She adds that lean American animals are less sexual than their fatter Chinese counterparts. When fat Chinese pigs were brought to University of Illinois, “the boards would magically slip out of their pens and breed the sows whenever the staff wasn’t around, something that no American pig would ever do. They had nonstop sex on their mind and they turned into Houdini to have sex. All the fat Chinese pigs were super-calm and super-sexy.”
Niman, famously a vegetarian, adds that she has heard that the modern lean pig is not particularly tasty even though she has not tasted it herself. “I’ve heard that the leaner pork has such poor eating quality,” she recalls. “It’s dry, it’s kind of brittle when you cook it, it’s kind of dusty, saw-dusty. In fact, a lot of chefs said they had stopped using pork altogether.” The chefs were willing to pay more for pastured pork from Niman Ranch. “In many cases they didn’t even care about the environmental issues, it was strictly the issue of eating quality,” notes Niman.
What’s the common thread between these chickens, turkeys, dairy cattle, and hogs? They are all raised in confinement. Niman thinks this is an important point, saying, “One of the things I especially enjoy about raising beef cattle – and this is true of sheep and goats, all the grazing animals – because it’s still economical for humans to keep them on grass, outdoors, living a natural life.” These animals have not been bred exclusively for one trait to the detriment of others “because if you did that they wouldn’t be able to survive outdoors without so much human intervention… To keep those animals on grass, you have to have an animal capable of natural breeding and natural birthing and those other things.”
She compares dairy cattle, raised in confinement, with beef cattle, raised on grass. (Beef cattle often go to feedlots at the end of their lives, but they typically live their first year outdoors with their mothers.) “The poor dairy cow, she’s brought inside, and she’s pretty much under constant human care, the only time a dairy cow isn’t taken care of by humans is when she’s a young heifer when she’s a growing cow… the rest of the time she’s in a little hut when she’s a calf, she’s usually tethered, and then she’s going to be in a confinement situation as an adult. So it doesn’t matter [that] they can’t give birth unassisted.” Even with human assistance, dairy cattle experience a lot of infant mortality and even maternal deaths during childbirth.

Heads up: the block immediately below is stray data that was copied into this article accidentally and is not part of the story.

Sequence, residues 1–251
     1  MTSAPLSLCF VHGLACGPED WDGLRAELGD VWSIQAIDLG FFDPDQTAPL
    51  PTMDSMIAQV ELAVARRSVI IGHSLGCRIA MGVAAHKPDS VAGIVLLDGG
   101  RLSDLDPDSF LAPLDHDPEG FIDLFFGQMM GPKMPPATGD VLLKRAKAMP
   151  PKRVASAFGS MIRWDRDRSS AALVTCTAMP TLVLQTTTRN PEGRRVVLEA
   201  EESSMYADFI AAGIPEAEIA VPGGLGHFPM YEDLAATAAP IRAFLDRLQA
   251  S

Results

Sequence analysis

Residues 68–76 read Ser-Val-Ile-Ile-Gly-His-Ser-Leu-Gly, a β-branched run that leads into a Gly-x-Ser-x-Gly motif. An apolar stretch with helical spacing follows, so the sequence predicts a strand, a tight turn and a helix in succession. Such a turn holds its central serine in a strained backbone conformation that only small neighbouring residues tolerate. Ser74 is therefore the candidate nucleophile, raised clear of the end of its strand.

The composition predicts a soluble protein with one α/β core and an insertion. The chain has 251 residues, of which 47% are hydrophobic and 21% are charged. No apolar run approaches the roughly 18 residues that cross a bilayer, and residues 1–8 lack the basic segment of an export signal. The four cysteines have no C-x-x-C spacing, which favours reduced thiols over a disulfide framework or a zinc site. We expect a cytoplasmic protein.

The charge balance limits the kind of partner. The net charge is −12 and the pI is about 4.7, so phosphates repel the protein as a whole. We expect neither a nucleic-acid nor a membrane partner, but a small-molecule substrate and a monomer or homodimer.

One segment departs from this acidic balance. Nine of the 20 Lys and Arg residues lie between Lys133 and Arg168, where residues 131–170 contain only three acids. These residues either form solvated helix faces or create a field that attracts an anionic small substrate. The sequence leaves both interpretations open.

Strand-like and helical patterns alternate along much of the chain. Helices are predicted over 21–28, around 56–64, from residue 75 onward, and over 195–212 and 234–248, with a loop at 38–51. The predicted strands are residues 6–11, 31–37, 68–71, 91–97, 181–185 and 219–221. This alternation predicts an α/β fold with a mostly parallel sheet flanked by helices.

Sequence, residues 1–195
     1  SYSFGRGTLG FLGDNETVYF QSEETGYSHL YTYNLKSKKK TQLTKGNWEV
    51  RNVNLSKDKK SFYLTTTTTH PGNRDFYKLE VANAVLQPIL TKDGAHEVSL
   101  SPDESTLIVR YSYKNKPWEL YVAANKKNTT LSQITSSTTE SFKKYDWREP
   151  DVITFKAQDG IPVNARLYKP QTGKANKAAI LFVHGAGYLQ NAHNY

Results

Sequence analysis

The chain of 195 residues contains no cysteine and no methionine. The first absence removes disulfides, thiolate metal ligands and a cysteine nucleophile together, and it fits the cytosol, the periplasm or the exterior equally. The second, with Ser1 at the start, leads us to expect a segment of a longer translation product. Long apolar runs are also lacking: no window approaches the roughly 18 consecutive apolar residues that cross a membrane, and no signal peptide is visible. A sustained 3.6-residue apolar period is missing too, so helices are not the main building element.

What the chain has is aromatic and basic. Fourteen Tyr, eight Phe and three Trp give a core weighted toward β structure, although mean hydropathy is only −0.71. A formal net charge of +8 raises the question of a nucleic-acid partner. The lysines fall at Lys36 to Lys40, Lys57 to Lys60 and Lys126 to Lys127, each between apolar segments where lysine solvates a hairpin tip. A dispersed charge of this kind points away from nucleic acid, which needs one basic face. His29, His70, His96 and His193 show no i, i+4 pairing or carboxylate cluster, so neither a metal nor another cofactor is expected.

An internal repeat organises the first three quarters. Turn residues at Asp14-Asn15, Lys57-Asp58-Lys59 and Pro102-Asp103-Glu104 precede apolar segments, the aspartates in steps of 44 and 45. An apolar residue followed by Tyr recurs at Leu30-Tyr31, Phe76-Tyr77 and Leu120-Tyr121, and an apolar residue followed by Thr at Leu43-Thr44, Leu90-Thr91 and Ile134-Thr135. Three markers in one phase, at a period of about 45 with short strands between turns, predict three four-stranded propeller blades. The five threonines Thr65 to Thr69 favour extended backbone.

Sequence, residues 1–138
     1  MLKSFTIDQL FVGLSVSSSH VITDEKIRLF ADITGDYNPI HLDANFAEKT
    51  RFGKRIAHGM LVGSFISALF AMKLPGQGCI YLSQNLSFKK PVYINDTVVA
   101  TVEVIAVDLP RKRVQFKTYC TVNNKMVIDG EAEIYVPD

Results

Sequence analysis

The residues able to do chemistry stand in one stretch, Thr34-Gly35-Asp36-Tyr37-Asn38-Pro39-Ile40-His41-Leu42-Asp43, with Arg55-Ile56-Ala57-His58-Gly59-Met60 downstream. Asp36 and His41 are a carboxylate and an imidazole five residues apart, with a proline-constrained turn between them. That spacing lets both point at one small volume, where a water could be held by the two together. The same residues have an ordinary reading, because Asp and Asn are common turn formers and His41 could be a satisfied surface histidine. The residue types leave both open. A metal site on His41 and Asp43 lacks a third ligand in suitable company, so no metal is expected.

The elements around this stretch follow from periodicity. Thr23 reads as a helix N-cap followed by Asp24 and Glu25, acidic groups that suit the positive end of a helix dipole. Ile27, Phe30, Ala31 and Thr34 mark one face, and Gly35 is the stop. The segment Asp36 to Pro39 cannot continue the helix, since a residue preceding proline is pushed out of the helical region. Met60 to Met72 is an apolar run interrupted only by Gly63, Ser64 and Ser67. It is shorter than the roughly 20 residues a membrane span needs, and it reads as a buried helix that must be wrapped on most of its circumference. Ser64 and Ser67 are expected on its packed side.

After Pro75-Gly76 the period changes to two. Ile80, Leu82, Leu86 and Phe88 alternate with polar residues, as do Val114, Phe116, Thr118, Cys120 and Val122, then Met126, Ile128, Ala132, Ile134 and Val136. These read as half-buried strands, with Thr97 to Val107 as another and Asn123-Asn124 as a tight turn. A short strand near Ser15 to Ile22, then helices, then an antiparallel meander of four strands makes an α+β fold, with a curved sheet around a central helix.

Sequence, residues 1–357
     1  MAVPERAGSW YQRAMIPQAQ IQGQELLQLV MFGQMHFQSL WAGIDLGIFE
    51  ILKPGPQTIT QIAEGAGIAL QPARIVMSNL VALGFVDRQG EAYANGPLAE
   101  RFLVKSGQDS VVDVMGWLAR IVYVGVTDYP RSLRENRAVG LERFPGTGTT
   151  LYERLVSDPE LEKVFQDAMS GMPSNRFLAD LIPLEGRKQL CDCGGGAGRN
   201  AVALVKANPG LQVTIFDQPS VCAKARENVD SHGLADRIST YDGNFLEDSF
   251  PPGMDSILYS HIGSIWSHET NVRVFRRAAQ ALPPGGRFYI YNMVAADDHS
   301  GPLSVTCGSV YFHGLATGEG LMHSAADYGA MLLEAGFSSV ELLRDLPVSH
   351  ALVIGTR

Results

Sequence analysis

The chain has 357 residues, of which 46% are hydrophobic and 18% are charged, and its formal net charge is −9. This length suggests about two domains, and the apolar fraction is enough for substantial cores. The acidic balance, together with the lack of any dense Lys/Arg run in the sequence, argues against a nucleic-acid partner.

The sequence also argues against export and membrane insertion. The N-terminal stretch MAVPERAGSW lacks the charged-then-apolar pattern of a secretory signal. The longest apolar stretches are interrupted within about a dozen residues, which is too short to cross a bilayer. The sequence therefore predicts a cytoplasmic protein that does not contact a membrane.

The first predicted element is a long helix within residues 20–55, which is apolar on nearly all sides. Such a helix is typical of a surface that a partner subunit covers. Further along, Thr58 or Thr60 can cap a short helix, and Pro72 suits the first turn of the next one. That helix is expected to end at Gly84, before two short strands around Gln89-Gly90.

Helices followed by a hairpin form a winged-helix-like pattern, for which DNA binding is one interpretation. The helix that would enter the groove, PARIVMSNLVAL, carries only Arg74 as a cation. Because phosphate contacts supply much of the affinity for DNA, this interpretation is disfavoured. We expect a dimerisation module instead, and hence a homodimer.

“If you didn’t have them in small confinement spaces, they couldn’t survive,” Niman goes on. “The beef cow has been fortunate in that it hasn’t been in the human interest to mess up their bodies that much… So it’s kind of a funny situation, but beef cattle, when you’re around them, you notice they are very fit. They can run, they can jump, they often jump over fences if they feel like it. They give birth on their own with a very low mortality rate. That’s an indication to me that those animals are physiologically, they are very sound.”
Critics of industrialized agriculture often focus on the confinement of animals: it’s cruel, it’s bad for the environment, it produces inferior meat, milk and eggs, and it creates a pollution problem for neighbors, with so much manure in such a small space. And that criticism is true. But the animals within the confinements have often been bred so that even in the best circumstances, they would not be able to lead normal lives.
Niman sums it up, saying, “It’s just one more way of illustrating how wrong-headed this whole direction of agriculture is, and I think even some people in mainstream industry are realizing that some of this stuff has been pushed too far.”
Elliott and the friends with whom he recorded in middle school in Texas (photo courtesy of Dan Pickering)
Heatmiser publicity shot (L-R: Tony Lash, Brandt Peterson, Neil Gust, Elliott Smith) (photo courtesy of JJ Gonson photography)
Elliott and JJ Gonson (photo courtesy of JJ Gonson photography)
"Stray" 7-inch, Cavity Search Records (photo courtesy of JJ Gonson photography)
Elliott's Hampshire College ID photo, 1987
Elliott with "Le Domino," the guitar he used on "Roman Candle" (courtesy of JJ Gonson photography)
Full "Roman Candle" record cover (courtesy of JJ Gonson photography)
Elliott goofing off in Portland (courtesy of JJ Gonson photography)
Heatmiser (L-R: Elliott Smith, Neil Gust, Tony Lash, Brandt Peterson)(courtesy of JJ Gonson photography)
The Greenhouse Sleeve -- Cassette sleeve from Murder of Crows release, 1988, with first appearance of Condor Avenue (photo courtesy of Glynnis Fawkes)